One impetus for Utah's shorter workweek last August was to soften the blow of $4-a-gallon gasoline on employees and state vehicle fleets. That benefit receded with gas now averaging $1.64 a gallon in Utah. Closing state offices on Fridays also appears to be saving less on utility bills than a projected $3 million a year - and only half as much reduction in greenhouse-gas emissions as expected, according to a preliminary report shared with Stateline.org.
But nearly six months into Utah's Friday-off experiment, employee satisfaction is shifting in a noticeable way, and the three-day weekend doubles as a recruitment tool, enticing younger residents to work for the state, Hansen said.
A November 2008 survey of state employees found that the four-day workweek was growing more popular with usage. After four months, 70 percent said they preferred the schedule, compared to 56 percent before the change. The report also found that absenteeism and turnover rates went down.
Despite some kinks in the program, Utah saved $203,177 on custodial contracts in 2008.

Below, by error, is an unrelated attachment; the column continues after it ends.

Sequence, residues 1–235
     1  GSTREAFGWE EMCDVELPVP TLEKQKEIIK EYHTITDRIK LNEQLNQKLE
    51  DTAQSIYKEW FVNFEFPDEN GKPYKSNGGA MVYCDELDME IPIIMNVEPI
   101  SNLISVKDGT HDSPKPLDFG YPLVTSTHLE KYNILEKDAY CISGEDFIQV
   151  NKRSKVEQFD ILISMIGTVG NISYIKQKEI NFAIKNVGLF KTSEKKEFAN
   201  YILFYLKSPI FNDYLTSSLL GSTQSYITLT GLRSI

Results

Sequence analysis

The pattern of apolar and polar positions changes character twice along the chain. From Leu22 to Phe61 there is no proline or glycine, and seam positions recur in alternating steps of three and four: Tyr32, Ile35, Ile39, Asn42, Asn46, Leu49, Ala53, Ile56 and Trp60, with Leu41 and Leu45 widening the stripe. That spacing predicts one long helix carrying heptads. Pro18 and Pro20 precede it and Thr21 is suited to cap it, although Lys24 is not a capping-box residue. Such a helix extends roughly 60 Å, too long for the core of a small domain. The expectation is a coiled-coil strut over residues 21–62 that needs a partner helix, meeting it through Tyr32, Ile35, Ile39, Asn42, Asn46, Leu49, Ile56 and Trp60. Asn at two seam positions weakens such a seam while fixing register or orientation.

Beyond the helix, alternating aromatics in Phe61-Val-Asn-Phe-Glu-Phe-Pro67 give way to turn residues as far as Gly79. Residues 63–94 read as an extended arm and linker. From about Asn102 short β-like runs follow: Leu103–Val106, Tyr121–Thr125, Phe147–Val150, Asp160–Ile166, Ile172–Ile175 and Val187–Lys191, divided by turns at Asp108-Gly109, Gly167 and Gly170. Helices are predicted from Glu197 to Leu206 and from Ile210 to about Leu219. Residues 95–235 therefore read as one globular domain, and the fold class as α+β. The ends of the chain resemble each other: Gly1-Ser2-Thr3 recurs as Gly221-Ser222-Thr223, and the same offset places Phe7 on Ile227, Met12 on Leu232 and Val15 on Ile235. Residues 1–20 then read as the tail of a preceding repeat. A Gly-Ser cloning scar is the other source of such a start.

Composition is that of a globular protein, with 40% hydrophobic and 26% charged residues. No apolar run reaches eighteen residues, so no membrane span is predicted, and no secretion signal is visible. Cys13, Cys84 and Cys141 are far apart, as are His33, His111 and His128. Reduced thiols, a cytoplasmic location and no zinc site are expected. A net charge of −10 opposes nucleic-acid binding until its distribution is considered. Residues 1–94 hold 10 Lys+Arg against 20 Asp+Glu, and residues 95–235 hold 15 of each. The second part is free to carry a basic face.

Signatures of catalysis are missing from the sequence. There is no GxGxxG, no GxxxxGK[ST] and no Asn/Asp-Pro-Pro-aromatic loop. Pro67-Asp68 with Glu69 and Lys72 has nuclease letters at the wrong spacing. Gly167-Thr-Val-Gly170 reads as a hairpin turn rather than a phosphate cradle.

Another byproduct is a dose of economic stimulus. Much of the $6 million that state employees are expected to save in commuting costs will be spent on goods and services.
Fallout from Utahns who can't get access to some government services on Fridays has been less than expected, too. The number of phone calls to a consumer complaint hotline has diminished over time, from 25 calls on Aug. 8, for example, to two calls on Nov. 28, according to the interim report. And most calls weren't complaints but questions from people who forgot about the change or had unique situations. Hotline operators now recommend closing down the call center.
Some state and local government offices have offered four-day workweeks for years, with employees staggering their time off so offices can stay open. Utah is the first to close many of its state offices on Fridays while expanding service hours Monday through Thursday, from 7 a.m. to 6 p.m.